A Diminished Value Claim is a type of auto insurance claim where a policyholder seeks compensation for a decrease in the vehicle’s value after an accident. This is especially relevant when a vehicle has been in an accident, repaired and is now worth less than it was prior to the accident.
Diminished value is the market value loss that occurs when a vehicle has undergone repairs. It is the difference between the pre-accident value and the post-repair value. The price for a repaired car may be significantly lower than the pre-accident value.
There are three types of diminished value claims. They are the following:
It makes up most of the Florida diminished value claims and is one of the common types in auto accident diminished value. Inherent diminished value occurs when a vehicle incurs physical damage, resulting in a decrease in its market value.
It represents the difference between the vehicle’s resale value immediately after a crash and its value after it gets repaired. Any damage to a vehicle can decrease its value. If the vehicle owner decides not to repair it, the value of the vehicle will diminish.
This type of diminished value means that the vehicle’s value has decreased due to improper repairs, such as using low-quality parts. For example, the paint on the car may differ from its original color.
The diminished value is the difference between the market value of your car before the accident, undamaged, and its worth after repairs.
Carfax reports and other vehicle history records show the history of any accident and any damage to a vehicle. They will list the amount of money spent on repairs, which will determine if there is any diminished value.
It is critical to recognize that a diminished value claim only applies when a car has sustained damage.
If you have grounds for a diminished value claim after vehicle damage in a car accident, you can follow these steps. It will help you move through a diminished value claim and pursue compensation for your damages.
Consult with the at-fault driver’s insurance company to ask about their diminished value coverage. If you are liable, the insurance company will not pay for the diminished car value. Even with comprehensive or collision coverage, if you are at-fault, your insurance company will not reimburse you. Therefore, it is vital to check your auto insurance coverage to know if you are entitled to any diminished value after a car accident.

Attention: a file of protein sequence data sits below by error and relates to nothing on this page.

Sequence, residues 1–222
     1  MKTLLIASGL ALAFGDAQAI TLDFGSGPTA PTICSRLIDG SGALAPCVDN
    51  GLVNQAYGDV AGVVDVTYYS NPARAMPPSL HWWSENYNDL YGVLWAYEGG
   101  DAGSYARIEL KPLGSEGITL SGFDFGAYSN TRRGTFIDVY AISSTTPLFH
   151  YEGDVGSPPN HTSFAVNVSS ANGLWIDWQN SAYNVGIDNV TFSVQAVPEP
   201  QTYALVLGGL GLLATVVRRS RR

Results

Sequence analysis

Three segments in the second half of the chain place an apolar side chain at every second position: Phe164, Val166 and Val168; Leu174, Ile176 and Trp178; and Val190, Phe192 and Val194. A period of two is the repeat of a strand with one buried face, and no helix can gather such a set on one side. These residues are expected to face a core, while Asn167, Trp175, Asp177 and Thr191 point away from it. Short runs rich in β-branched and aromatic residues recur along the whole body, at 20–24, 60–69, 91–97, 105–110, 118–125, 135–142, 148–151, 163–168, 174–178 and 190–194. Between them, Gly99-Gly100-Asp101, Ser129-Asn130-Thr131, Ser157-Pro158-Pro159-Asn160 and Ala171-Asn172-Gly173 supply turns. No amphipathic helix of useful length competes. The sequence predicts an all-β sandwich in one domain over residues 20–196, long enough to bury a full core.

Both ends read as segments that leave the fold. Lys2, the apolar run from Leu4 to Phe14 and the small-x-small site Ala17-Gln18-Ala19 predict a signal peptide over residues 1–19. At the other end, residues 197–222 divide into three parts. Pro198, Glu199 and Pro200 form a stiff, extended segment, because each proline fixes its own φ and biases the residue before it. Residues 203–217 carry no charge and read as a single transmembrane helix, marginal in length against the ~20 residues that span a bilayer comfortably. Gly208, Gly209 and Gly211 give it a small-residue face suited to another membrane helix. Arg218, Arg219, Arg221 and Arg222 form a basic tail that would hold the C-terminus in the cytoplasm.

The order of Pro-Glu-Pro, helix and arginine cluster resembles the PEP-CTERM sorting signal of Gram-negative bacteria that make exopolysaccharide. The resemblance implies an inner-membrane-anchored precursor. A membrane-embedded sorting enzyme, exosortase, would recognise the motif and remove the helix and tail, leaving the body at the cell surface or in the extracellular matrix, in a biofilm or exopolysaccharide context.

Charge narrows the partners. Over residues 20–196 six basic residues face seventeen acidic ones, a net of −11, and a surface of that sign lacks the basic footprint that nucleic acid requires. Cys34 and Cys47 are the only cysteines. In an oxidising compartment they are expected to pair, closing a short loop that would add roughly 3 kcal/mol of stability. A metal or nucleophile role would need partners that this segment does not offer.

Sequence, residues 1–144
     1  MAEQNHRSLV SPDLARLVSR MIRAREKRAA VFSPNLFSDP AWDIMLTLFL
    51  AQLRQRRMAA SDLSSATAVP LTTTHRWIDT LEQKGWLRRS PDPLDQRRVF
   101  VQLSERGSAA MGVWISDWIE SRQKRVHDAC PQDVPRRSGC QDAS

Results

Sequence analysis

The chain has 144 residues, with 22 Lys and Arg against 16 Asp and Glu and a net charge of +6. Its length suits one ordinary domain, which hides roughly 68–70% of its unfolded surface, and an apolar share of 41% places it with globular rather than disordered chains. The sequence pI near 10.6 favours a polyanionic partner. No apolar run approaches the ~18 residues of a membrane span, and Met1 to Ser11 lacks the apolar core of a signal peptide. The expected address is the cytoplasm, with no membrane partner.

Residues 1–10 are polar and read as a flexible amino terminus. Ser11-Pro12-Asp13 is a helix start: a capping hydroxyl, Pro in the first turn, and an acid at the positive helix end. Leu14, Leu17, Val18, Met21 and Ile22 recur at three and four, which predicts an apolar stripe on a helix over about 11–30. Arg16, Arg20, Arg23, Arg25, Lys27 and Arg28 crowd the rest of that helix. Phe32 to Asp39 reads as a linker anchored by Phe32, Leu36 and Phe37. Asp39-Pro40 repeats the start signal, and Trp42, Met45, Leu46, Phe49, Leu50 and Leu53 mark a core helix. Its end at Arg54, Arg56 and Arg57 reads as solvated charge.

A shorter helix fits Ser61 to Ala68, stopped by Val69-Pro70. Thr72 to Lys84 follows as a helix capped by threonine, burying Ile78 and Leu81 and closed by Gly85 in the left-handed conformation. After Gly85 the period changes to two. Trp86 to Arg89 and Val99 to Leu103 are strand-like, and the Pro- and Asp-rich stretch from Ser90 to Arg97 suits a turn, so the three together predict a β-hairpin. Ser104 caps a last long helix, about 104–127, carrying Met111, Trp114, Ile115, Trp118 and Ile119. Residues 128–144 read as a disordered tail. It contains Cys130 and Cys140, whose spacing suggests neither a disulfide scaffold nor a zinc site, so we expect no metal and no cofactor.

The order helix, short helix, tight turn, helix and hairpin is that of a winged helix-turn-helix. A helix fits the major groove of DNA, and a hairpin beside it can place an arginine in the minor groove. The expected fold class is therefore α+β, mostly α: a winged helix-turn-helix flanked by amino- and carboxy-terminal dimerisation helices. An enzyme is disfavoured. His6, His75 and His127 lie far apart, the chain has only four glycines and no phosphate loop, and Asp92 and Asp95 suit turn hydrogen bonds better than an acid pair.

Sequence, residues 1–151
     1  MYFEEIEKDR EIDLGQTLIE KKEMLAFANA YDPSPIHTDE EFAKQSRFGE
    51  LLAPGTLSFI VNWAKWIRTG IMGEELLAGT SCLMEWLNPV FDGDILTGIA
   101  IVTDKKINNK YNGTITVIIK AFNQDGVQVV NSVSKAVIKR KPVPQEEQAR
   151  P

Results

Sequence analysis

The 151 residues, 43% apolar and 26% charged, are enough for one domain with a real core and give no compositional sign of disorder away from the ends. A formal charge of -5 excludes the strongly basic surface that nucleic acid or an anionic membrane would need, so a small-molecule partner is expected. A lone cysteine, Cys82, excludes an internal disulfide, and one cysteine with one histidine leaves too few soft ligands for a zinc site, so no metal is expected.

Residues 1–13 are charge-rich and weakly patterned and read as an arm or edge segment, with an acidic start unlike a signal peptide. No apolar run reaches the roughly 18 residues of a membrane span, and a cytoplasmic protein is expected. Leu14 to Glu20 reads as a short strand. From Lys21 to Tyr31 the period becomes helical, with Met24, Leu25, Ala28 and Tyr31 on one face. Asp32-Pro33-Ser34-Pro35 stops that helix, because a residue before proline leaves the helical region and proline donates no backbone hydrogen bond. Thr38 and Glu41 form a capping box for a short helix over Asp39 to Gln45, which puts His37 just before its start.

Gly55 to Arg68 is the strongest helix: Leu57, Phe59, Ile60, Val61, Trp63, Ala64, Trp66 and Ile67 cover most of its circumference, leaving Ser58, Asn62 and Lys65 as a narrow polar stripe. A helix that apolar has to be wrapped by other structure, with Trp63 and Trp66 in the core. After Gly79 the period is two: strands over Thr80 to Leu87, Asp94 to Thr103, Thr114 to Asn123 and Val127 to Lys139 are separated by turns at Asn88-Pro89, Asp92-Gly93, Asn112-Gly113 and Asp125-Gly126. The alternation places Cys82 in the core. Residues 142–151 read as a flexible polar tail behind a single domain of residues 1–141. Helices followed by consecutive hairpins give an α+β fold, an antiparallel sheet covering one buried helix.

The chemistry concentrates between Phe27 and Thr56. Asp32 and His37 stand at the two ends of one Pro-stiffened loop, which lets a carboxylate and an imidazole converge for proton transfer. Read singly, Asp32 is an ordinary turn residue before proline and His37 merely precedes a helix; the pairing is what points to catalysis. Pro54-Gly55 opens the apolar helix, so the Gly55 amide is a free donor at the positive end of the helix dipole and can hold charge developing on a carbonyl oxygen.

If you want to get compensated for decreased value, you need to research and understand the laws of your state as well as the policies of insurance providers. Fortunately, a car accident lawyer can help victims receive compensation from the liable party’s insurance policy.
The grounds for a Florida diminished value claim will depend upon several factors, such as the following:
The victim could pursue a diminished-value claim if the victim met the conditions mentioned above.
Calculating the decrease in value of a car after an accident is straightforward. The insurers will use a formula known as 17c. The formula works by taking 10% of the car’s book value and applying a modifier on the amount of damage and the mileage at the time of the accident.
For example, if a car’s book value is $30,000, the formula 17c will begin at $3,000, which is 10% of the value. If we apply a 50% mileage modifier, the value lowers to $1,500. And when we add the 50% modifier, the diminished value claim is reduced to $750.
In short, the lower the mileage of the car and the more valuable it is, the higher the compensation you can receive. However, pursuing compensation may be challenging as insurance companies may put every effort into devaluing the car.
Expert auto appraisers, equipped with specialized knowledge in diminished value appraisals, conduct these assessments. These experts can provide an accurate estimate of the amount of diminished value that a car has experienced, as well as other important information. This can be invaluable for cases that may go to arbitration, mediation, or litigation.
Utilizing appraisals can be an effective way to determine the reasonable value of a car that has been through an accident. These appraisals consider factors such as market conditions, vehicle make, model, age, mileage, and overall condition in order to come up with a determination.
They are important because they provide proof of the diminished value so that victims can get appropriate compensation for their losses.
If you have been in an accident involving a vehicle, remember that the statute of limitations is 4 years. This means that you only have four years from the date of the incident to file your claim.
Connecting with a car accident attorney is paramount if you’ve suffered a car collision. An attorney can determine whether you are eligible for filing a diminished value claim. Moreover, they can inform you of your rights and explain the process of obtaining compensation for your damages.
Schedule a free case evaluation with a qualified car accident lawyer to learn more about the diminished value claim process in Florida.
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